The best camera bags can be split into six main types. All of them are slightly different, and if you're on the hunt for a new bag for your camera gear, it's best to do a little research to determine which is the right one for you.
In this list, our general-purpose guide to all things camera bag, we've included every type of camera bag, so let's quickly run through them.
Shoulder bags: With a single strap that runs over one shoulder, these bags are designed to be easy to use and cut a low profile. Also known as messenger bags, they're at their best for carrying light setups around a city; you wouldn't want to put too much weight on a single shoulder.
Backpacks: With two straps, one for each shoulder, backpacks are made to carry heavier setups for longer distances. They can be better weatherproofed than other types of camera bag, and often have extra space for other items like water bottles, or even an external hook for a tripod. The downside is that they often protrude out, so you might not want one if you're going to be hopping on busy buses and trains.
Sling bags: Kind of a marriage between backpacks and shoulder bags, sling bags are single-strap bags worn across one shoulder but on the back. The design is such that they can be slung around the body quickly to allow access to gear; hence the name. If you need quick access to your gear for street or reportage photography where something might happen at a moment's notice, then a sling-style bag is a good choice.
Holsters: The smallest bag types, this are made for very light setups. Some can even be worn on a belt, like a real holster!
Roller bags: Why not let the Earth do the work? Roller bags have wheels that let you drag them around on the ground, and some can also convert to backpacks. They're not so hot for hill-walking or big hikes, but perfect for airports and train stations.
Hard cases: The toughest type of camera bag, these can take a real pounding and keep your kit safe. They're not comfortable to carry, but if you need to transport a lot of expensive kit safely (as checked luggage on a plane, for example) then this is your best bet.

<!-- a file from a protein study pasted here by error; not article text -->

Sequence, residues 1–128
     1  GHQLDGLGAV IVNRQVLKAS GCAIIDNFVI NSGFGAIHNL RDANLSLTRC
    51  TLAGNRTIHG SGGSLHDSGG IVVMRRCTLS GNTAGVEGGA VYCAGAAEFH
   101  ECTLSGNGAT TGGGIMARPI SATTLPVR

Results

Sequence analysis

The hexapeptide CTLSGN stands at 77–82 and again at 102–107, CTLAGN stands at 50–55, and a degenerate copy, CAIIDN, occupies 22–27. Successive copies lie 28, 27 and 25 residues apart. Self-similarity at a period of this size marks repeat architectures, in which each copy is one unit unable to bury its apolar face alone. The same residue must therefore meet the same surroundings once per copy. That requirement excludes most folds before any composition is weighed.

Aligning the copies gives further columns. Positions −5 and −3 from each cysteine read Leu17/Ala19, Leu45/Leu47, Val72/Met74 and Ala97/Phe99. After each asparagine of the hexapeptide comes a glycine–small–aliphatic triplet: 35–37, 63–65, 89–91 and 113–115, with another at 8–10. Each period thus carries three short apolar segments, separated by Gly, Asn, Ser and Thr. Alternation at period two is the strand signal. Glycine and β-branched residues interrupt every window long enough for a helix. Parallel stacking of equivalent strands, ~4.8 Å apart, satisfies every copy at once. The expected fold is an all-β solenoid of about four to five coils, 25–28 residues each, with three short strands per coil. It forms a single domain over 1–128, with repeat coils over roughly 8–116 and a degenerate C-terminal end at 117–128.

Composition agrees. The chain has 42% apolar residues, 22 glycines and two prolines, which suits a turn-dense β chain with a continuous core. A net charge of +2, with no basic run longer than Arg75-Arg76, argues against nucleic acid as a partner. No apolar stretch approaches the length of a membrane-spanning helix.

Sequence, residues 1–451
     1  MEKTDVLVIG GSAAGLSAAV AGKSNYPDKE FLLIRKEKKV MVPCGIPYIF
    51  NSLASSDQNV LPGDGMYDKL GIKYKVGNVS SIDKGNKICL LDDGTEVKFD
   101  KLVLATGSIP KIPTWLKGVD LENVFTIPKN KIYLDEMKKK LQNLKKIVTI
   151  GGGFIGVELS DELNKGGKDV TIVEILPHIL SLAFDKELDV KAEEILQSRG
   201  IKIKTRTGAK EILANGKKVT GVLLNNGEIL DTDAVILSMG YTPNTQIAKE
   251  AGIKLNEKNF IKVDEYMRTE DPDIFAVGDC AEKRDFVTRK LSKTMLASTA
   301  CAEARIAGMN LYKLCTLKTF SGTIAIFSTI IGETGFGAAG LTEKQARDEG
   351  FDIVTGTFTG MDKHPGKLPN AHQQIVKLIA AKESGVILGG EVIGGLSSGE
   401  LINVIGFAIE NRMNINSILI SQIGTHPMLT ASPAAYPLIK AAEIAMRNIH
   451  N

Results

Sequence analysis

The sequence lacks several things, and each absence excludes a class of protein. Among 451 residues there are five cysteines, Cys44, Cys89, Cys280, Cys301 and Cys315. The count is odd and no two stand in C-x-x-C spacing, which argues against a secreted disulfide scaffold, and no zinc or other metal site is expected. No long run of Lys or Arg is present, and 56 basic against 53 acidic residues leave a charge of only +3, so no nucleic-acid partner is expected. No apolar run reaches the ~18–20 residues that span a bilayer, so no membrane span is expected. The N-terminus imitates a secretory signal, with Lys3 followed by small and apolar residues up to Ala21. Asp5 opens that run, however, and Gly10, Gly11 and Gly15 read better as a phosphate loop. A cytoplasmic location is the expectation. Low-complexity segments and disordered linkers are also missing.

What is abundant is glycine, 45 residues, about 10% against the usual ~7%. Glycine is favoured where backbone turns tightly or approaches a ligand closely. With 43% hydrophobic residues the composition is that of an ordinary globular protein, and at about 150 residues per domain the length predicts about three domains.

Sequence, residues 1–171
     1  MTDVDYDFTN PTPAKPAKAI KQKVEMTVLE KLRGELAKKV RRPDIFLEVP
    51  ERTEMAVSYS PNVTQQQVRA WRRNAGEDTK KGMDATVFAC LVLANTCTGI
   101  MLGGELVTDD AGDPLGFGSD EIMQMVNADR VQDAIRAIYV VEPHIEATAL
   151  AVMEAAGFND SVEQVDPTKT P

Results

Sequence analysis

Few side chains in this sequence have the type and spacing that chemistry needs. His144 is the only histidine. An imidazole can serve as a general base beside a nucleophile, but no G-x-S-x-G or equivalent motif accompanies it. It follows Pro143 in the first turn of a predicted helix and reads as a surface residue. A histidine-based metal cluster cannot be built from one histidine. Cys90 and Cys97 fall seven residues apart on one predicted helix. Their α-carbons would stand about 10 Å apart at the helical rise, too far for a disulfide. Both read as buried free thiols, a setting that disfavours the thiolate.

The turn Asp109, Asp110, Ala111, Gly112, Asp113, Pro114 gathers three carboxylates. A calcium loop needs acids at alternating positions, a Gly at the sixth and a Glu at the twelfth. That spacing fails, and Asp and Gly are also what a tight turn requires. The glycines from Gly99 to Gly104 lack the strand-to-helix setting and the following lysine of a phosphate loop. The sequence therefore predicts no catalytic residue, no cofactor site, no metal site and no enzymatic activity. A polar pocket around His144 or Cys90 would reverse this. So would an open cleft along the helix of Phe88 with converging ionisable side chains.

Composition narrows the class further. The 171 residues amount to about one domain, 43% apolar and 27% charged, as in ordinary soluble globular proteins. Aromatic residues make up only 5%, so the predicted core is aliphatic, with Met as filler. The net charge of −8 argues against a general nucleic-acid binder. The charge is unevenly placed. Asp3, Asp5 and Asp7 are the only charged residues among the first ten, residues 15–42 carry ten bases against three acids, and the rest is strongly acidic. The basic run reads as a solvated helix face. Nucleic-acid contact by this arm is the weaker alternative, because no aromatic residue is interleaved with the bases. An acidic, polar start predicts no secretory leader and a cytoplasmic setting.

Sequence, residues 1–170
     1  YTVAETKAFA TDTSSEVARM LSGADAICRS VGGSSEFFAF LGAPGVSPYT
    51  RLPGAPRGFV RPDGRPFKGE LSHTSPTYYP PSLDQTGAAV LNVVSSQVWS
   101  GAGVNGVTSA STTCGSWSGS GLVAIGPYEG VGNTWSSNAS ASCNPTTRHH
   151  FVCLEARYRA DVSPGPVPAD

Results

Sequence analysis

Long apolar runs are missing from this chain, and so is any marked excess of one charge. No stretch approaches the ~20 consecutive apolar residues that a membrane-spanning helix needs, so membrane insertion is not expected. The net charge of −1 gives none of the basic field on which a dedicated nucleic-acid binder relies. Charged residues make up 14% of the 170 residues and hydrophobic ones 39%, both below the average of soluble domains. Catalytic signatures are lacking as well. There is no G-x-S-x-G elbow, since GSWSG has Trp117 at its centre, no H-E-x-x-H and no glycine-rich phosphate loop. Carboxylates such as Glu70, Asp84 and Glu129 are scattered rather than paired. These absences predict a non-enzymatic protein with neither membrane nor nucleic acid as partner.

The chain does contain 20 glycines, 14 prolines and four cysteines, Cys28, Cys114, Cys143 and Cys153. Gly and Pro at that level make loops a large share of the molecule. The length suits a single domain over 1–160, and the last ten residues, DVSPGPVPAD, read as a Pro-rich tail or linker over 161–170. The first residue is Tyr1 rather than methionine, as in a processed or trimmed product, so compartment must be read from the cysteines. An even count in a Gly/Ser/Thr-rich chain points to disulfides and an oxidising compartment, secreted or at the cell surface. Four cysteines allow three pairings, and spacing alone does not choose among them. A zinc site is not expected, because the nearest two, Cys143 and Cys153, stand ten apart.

If you're sure of which type of bag you want, then you can use the box to the right to navigate to each of our specific buying guides, where we drill into the best of each type of bag in detail. But if you're still unsure, scroll down for a quick overview of each category of bag, and a couple of our favourite examples of each one.
No matter whether you're using a point-and-shoot camera, a mirrorless model with a couple of lenses, or a DSLR camera with flashguns, filters and various camera accessories included, there will be something on this page to suit you. So let's get to it, and remember you can click the headings to the right to jump right to any specific section.
Best camera bags and cases in 2021
If you want to keep it simple, shoulder bags are great. There's not too much fuss, with only a single strap, and it's generally very easy to access your kit when it's in a shoulder bag. The disadvantage, of course, is that you're carrying everything on one shoulder, so you don't want to overload or carry it for too long.
You'll also see shoulder bags referred to as messenger bags. These are similar to shoulder bags, but with additional space for laptops and other work tools such as paperwork, pens and tablets. If you're often taking your camera on a commute for quick snaps before and after work, then this is an ideal choice of bag.
Photographers love the Peak Design Everyday Messenger bag; it's arguably the archetypal camera bag. With a blend of simple but chic styling, loads of internal space, and FlexFold dividers that allow you to customise the interior, the Everyday Messenger 13 V2 is a bag that the vast majority of photographers can get many years' use out of.
As mentioned, the FlexFold dividers allow you to customise the interior to suit your setup, building secure and padded slot for your cameras and lenses. It works well with most configurations; a small camera might take more fiddling to ensure it doesn't bounce around, but it's perfectly doable. There's a sleeve for a 13-inch laptop, and plenty of pockets for extra items.